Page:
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Hello Gramps,

I love your site and the information you have shared here. I am currently serving as a service missionary in Hawaii, and I have been praying to better know Heavenly Father and the Savior. What advice do you have for us to know more about who Heavenly Father is and my relationship with Him?





Dear Jared,

Thank you for serving the Lord as a missionary. I’m so grateful to you and all who choose to dedicate a portion of their lives to Him.  Your question is an interesting one.  As I pondered how to respond two thoughts have come to mind: first, it seems that the details may be unique to every person, and second, that it isn’t so different from how we get to know each other.  Since I can’t expound on the first for you, let’s talk about the second.

One of the ways we get to know each other is by talking. We may start out cautiously, sharing superficial information about ourselves, but over time, we share and trust more of ourselves, and learn more of the other person.  Of course, I’m talking about prayer.  Talking with God, and telling Him what’s on your mind, even though you know He already knows what’s on your mind, can help you to form a relationship with Him by getting comfortable sharing your innermost thoughts and feelings with Him.

The last time I read 1 Nephi 11-14 (Nephi’s vision of the tree of life and more), I noticed some things that can be helpful to us as we pray.  In the beginning, the Spirit and then the angel repeatedly say to Nephi, “Look!” and Nephi immediately looks and sees something significant.  Among other things, this can teach us that the Lord is always drawing our attention to what’s important, but we need to be listening and we need to obey the promptings we receive.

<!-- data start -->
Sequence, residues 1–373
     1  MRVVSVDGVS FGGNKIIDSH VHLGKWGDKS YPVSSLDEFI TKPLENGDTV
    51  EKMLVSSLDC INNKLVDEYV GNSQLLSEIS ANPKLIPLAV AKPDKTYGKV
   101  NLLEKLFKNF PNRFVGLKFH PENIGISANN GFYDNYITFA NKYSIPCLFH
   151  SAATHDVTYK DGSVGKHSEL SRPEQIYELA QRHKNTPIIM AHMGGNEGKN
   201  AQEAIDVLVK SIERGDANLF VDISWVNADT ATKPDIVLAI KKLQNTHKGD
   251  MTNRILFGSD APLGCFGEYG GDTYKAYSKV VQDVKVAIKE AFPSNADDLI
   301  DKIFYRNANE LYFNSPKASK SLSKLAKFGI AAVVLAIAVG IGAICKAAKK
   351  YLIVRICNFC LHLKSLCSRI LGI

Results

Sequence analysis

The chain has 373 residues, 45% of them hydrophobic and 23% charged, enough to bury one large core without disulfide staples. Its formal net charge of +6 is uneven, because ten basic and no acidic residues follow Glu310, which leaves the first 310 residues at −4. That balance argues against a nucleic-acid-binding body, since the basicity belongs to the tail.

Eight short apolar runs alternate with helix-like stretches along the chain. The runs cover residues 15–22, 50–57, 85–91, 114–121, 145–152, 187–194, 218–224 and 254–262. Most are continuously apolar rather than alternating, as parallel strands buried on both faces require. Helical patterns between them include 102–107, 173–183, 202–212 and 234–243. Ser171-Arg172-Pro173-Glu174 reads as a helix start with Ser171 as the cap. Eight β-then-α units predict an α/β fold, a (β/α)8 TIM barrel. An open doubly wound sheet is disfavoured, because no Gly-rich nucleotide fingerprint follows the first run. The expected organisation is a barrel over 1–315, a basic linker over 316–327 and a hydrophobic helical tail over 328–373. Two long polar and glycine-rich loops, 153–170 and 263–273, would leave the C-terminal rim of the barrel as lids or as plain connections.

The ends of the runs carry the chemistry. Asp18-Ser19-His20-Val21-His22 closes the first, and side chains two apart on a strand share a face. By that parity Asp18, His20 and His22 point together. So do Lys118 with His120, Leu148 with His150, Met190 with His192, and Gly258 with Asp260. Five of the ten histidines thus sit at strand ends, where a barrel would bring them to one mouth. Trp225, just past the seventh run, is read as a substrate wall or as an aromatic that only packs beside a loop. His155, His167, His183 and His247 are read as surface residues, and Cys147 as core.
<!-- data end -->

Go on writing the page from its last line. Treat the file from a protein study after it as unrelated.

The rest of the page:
The next thing I noticed is that in the beginning, they ask Nephi what he sees.  Now obviously, the Spirit (and later the angel) knows full well what Nephi saw, yet they ask.  Why?  I think one reason is to give Nephi time to process it, to think about it, to puzzle it out, and to gain some understanding before learning more.  Likewise, in prayer, though it may seem strange to talk to God about things He already knows, we do it for ourselves.  Essentially, we’re processing and getting our thoughts out of our heads so that our minds are clear to then receive God’s response. Later in the vision, the angel stops asking Nephi what he sees and just tells him the interpretation or meaning.  I believe that at this point Nephi was fully “on the same page” as the angel (or God) and prepared to receive freely.  Similarly, I believe each of us is ready to receive revelation in some ways (ways we’re in harmony with God) and not in others (areas we need to work on).

I encourage you to study Nephi’s experience, or other experiences, and look for ways you can improve your prayers to better connect with our Heavenly Father.

The next way we get to know other people is by doing things together.  Their things, our things, things we have in common.  If we translate this to our relationship with our Savior, we need to be doing the things He wants us to do, and things that don’t drive the Spirit away.  As we obey His commands, follow the promptings of the Spirit, learn what He did, and then do it, we will come to know Him, both through His presence and by following His example.  Scripture study will be crucial here in learning what our Savior did and what He asked us to do.  But it can’t stop there.  As we learn what the Savior wants us to do, we need to look specifically for opportunities to do them. (See John 5:19-20.)